Rowers ready to take on Indian Ocean challenge for the second time

Ashley Wilson doing a 12-hour row last year on a static rower at the front of the Co-op store in Wickham while he was raising money for his  Indian Ocean record attempt
Ashley Wilson doing a 12-hour row last year on a static rower at the front of the Co-op store in Wickham while he was raising money for his Indian Ocean record attempt

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  • Wickham man in record-breaking attempt
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DESPITE suffering an agonising equipment failure as they attempted to become the fastest rowers to cross the Indian Ocean, Ashley Wilson and James Ketchell are hitting the sea again.

Last month Ashley, from Wickham, and James, from London, attempted the record breaking row.
The trip would have seen Ashley, the Scouts’ assistant county commissioner, and James, a Scouts Association Ambassador, row 3,600 miles from Australia to Mauritius.

The record for completing the journey stands at 85 days, but just 24 hours into their expedition, their navigation system stopped working off the coast of Western Australia and they had to be towed back.

However, this setback has not put them off and they are flying back to Australia, determined to put the record-breaking bid back on track.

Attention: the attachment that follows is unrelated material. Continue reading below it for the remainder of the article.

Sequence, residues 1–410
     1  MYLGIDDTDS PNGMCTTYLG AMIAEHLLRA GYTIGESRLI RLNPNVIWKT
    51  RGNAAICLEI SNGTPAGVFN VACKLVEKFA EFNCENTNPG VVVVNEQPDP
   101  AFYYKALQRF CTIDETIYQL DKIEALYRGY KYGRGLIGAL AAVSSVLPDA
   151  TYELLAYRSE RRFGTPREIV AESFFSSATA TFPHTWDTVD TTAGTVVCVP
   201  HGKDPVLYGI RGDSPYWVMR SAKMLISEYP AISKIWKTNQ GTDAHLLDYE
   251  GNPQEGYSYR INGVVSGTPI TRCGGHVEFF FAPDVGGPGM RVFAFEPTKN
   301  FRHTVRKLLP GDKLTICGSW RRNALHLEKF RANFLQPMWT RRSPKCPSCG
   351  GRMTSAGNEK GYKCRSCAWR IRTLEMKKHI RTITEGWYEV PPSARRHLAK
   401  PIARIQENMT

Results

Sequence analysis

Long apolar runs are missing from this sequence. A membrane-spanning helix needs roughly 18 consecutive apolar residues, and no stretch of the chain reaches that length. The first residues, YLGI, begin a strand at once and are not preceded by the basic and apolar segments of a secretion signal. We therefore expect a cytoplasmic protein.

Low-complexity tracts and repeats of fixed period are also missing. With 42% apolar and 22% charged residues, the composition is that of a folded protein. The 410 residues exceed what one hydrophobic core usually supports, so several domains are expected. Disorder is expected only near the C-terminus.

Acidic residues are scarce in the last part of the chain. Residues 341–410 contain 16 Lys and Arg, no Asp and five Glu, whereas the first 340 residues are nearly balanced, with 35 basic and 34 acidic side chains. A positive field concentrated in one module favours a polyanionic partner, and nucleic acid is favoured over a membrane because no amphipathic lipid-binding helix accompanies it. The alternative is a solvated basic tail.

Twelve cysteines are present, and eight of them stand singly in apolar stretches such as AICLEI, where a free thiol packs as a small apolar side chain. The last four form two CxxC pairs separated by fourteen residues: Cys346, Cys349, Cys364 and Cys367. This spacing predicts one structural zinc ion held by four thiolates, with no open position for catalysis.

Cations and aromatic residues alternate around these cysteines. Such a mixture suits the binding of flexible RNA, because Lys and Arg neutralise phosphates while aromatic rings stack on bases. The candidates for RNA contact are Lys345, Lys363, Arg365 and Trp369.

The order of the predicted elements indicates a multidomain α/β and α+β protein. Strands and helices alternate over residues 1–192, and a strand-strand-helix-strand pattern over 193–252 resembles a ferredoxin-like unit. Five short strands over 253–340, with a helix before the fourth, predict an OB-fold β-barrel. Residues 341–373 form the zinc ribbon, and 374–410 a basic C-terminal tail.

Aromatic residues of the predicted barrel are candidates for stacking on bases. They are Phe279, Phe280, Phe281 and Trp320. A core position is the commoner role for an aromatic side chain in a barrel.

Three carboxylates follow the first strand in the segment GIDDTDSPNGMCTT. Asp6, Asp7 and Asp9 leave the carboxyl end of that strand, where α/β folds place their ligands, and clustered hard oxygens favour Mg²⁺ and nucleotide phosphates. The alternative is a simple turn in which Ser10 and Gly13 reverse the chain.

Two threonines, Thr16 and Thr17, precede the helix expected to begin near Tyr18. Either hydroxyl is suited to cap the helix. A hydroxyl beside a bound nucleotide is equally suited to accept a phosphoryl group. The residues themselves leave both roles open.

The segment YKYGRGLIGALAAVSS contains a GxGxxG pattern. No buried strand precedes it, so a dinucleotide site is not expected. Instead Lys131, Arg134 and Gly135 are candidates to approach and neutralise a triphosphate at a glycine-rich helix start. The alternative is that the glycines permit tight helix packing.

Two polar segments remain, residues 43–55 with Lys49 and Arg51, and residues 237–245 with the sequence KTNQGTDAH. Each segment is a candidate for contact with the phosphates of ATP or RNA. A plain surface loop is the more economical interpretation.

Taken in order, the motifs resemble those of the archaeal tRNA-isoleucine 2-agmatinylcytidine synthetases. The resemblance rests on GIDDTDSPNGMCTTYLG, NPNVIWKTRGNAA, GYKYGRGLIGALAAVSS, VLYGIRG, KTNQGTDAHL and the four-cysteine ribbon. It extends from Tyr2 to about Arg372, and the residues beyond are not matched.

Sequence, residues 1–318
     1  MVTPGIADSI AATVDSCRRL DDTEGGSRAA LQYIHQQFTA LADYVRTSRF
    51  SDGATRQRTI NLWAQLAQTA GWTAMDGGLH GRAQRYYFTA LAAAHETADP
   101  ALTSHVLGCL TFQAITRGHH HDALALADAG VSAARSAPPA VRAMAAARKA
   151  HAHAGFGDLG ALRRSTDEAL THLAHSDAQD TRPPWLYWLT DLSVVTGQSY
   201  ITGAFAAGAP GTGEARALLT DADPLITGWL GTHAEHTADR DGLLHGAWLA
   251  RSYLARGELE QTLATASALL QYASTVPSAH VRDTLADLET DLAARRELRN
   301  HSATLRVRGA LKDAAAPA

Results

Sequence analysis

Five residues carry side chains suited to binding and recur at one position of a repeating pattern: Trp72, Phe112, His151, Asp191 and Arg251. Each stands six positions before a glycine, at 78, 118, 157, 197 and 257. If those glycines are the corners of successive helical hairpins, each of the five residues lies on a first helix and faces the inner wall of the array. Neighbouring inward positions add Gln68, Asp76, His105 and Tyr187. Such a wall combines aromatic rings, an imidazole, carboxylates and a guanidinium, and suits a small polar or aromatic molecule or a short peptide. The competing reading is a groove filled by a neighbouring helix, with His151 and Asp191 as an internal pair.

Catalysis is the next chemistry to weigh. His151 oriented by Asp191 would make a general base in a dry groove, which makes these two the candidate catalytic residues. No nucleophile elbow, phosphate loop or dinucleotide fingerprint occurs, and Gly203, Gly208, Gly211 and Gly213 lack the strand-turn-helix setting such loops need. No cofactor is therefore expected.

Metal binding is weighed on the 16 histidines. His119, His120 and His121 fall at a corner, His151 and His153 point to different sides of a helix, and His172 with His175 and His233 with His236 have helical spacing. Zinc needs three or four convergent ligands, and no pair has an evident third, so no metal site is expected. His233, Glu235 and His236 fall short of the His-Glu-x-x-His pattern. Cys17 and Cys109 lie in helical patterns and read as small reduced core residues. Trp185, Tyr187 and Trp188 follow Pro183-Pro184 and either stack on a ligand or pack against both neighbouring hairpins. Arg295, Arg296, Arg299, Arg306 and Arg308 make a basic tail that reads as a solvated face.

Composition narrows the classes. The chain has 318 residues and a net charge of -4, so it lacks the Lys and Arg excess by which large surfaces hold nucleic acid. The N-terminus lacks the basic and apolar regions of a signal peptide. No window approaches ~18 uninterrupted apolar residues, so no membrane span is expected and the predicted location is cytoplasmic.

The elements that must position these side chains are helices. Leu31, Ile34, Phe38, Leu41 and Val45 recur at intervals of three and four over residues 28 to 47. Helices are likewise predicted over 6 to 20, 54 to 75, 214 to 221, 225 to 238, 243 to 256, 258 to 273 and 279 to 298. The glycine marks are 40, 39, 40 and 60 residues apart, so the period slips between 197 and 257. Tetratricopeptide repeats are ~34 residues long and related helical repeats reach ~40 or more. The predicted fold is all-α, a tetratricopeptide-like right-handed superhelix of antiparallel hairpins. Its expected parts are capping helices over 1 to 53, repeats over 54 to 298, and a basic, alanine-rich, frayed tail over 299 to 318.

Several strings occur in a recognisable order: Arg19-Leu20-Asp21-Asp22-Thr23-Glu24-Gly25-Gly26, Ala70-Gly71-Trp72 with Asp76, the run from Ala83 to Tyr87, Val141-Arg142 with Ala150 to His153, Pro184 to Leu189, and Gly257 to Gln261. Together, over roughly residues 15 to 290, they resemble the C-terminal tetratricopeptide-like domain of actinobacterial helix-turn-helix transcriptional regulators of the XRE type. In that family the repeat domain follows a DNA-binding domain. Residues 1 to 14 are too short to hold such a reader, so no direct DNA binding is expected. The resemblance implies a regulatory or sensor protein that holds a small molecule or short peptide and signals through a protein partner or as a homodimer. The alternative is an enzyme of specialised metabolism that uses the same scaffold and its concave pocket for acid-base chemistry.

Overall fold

Ashley, who survived Hodgkin lymphoma aged 19 and has lived with epilepsy from the age of seven, said: ‘Last time it didn’t go to plan.

‘We got about 63 miles out on the water and part of our guidance system stopped working. We were making incredible time, the weather was on our side, but we decided to get a lift back to shore.

‘The equipment that failed made it incredibly difficult to navigate the sea and we felt it was best for the journey. It was an easy decision to make.’

Last year James, 33, became the only person in history to row the Atlantic Ocean, climb Mount Everest and cycle unaided around the world.

And after he met Ashley, he was so inspired he decided to take on the rowing challenge.

They hope their row will raise money for Young Epilepsy, a charity that aims to create better futures for young lives with epilepsy and associated conditions.

Ashley, 37, said: ‘Not going back was never an option.

‘You are used to young people being told that because you are epileptic you can’t do this or that – I am trying to show you can be yourself and lead a normal life like others.’

The pair are hoping to set off this week and they should arrive back in September.

To follow them go to nothings-impossible.co.uk/